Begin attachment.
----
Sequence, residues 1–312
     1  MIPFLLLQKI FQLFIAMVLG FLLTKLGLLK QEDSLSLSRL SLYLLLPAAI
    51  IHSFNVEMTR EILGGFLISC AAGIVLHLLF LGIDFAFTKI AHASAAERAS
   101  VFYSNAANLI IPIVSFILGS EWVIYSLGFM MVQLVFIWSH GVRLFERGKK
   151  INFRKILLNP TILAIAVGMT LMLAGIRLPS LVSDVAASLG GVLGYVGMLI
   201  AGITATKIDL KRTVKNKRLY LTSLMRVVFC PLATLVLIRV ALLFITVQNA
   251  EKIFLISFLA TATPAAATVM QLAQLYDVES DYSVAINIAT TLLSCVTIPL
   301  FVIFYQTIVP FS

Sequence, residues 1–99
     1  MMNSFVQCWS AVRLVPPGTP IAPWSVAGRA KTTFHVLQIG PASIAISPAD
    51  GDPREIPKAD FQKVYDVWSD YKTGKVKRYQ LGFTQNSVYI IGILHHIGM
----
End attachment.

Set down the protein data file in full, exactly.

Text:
Sequence, residues 1–312
     1  MIPFLLLQKI FQLFIAMVLG FLLTKLGLLK QEDSLSLSRL SLYLLLPAAI
    51  IHSFNVEMTR EILGGFLISC AAGIVLHLLF LGIDFAFTKI AHASAAERAS
   101  VFYSNAANLI IPIVSFILGS EWVIYSLGFM MVQLVFIWSH GVRLFERGKK
   151  INFRKILLNP TILAIAVGMT LMLAGIRLPS LVSDVAASLG GVLGYVGMLI
   201  AGITATKIDL KRTVKNKRLY LTSLMRVVFC PLATLVLIRV ALLFITVQNA
   251  EKIFLISFLA TATPAAATVM QLAQLYDVES DYSVAINIAT TLLSCVTIPL
   301  FVIFYQTIVP FS

Sequence, residues 1–99
     1  MMNSFVQCWS AVRLVPPGTP IAPWSVAGRA KTTFHVLQIG PASIAISPAD
    51  GDPREIPKAD FQKVYDVWSD YKTGKVKRYQ LGFTQNSVYI IGILHHIGM